These analyses were designed to determine the incidence of major cardiovascular (CV) events and the natural history of CV complications in patients with Fabry disease.
Fabry disease, a genetic disorder caused by deficiency of alpha-galactosidase A activity, is associated with CV dysfunction.
Major CV events (myocardial infarction, heart failure, or cardiac-related death) were analyzed in 2,869 Fabry Registry patients during the natural history period (i.e., before enzyme replacement therapy or among patients who never received therapy). Multivariate logistic regression analyses were performed to identify significant predictors of CV events.
Eighty-three of 1,424 men (5.8%) and 54 of 1,445 women (3.7%) experienced CV events at mean ages of 45 and 54 years, respectively. Heart failure was the most common first CV event, reported by 50 men (3.5%) and 33 women (2.3%). Hypertension and left ventricular hypertrophy were the risk factors most strongly associated with CV events. When these parameters were used as covariates in logistic regression analyses, the odds ratio (OR) for hypertension in men was 7.8 (95% confidence interval [CI]: 2.1 to 28.6, p = 0.0019), and the OR for hypertension in women was 4.5 (95% CI: 1.6 to 12.3, p = 0.0037). The OR for left ventricular hypertrophy was 4.8 in men (95% CI: 1.03 to 22.2, p = 0.0463) and 8.2 in women (95% CI: 2.6 to 26.0, p = 0.0003).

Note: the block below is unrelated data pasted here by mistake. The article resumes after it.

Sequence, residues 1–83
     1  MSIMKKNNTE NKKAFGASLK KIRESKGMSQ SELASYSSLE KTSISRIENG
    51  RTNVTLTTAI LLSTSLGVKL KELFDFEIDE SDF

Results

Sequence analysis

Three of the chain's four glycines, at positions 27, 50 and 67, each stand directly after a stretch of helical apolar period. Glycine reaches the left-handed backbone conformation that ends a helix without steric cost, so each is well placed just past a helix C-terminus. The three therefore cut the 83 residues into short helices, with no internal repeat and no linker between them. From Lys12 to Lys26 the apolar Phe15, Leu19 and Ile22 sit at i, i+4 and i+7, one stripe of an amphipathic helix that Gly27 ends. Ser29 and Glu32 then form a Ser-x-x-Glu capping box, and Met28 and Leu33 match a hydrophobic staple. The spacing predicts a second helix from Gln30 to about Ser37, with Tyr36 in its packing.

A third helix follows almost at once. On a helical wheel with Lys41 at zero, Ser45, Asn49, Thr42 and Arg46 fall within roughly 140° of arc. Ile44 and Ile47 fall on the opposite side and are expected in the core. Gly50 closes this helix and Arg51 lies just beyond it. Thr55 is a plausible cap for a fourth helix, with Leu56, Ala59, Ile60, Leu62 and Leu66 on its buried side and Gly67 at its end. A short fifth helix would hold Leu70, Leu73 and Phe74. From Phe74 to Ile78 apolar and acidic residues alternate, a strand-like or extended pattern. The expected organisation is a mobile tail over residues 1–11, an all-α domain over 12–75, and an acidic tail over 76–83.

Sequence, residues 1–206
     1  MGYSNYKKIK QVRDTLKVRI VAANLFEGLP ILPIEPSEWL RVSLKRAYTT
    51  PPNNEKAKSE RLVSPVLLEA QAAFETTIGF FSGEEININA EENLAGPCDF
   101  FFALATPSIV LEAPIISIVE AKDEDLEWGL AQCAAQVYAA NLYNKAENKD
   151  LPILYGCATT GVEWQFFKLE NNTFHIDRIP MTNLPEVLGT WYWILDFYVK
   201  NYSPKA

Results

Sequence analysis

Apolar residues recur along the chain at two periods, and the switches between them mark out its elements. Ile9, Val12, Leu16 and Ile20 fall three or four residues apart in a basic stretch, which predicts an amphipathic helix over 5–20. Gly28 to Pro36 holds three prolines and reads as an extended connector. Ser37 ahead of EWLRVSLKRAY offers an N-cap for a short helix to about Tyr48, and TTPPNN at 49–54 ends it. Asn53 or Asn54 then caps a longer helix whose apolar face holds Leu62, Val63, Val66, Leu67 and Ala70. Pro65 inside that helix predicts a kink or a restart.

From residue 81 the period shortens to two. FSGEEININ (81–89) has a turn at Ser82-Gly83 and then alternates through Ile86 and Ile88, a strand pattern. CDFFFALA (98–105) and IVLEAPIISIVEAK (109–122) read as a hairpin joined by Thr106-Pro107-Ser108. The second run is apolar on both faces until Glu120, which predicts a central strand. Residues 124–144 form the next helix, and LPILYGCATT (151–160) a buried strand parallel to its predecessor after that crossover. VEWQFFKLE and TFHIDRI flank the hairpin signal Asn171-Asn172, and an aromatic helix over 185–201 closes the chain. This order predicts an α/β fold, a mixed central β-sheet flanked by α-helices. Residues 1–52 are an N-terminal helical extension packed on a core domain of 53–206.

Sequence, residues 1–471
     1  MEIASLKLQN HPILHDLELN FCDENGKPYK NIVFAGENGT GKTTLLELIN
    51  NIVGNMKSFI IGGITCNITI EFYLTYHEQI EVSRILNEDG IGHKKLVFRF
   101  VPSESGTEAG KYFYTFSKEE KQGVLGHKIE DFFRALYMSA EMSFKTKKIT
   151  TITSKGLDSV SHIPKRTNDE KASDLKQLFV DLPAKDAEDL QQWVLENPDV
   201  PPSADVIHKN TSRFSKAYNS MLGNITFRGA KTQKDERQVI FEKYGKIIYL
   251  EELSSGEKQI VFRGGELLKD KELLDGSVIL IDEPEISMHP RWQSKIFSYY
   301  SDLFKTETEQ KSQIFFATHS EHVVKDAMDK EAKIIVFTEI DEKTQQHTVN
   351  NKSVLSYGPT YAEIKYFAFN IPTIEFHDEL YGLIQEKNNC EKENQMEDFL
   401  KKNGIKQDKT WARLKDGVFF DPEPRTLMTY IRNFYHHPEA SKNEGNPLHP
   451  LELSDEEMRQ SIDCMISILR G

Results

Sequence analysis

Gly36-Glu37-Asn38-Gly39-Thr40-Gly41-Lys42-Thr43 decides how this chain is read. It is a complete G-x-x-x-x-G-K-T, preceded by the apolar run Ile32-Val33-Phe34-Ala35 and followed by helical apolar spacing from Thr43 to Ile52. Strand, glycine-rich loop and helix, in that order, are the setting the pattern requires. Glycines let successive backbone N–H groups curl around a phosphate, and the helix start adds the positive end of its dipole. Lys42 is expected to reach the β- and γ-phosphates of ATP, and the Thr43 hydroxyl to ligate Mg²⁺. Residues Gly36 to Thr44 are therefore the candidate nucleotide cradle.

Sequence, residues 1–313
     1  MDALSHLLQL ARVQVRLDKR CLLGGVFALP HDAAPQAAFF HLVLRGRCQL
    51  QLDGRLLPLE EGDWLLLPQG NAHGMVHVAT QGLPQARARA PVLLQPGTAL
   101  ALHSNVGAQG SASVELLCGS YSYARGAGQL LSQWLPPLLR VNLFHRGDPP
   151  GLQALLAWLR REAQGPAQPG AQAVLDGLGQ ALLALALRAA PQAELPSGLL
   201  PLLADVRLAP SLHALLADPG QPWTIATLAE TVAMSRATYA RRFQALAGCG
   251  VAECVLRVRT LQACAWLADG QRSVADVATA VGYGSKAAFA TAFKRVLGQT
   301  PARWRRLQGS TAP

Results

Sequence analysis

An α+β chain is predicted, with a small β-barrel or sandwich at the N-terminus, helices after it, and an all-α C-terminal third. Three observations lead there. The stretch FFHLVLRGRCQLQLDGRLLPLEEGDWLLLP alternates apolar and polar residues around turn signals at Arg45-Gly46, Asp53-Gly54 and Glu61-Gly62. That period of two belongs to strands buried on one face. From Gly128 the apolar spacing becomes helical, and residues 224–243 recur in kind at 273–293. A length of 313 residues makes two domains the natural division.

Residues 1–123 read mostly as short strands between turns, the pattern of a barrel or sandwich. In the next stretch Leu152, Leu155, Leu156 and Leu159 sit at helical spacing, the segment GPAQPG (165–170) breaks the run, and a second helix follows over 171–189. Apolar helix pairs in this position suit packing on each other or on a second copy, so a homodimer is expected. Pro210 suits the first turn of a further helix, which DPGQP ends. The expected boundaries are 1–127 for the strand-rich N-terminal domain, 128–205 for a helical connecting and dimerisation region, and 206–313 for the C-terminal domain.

Major CV events occurred in approximately 5% of Fabry Registry patients during the natural history period. All patients with Fabry disease should be monitored for possible CV risk factors, particularly hypertension and left ventricular hypertrophy.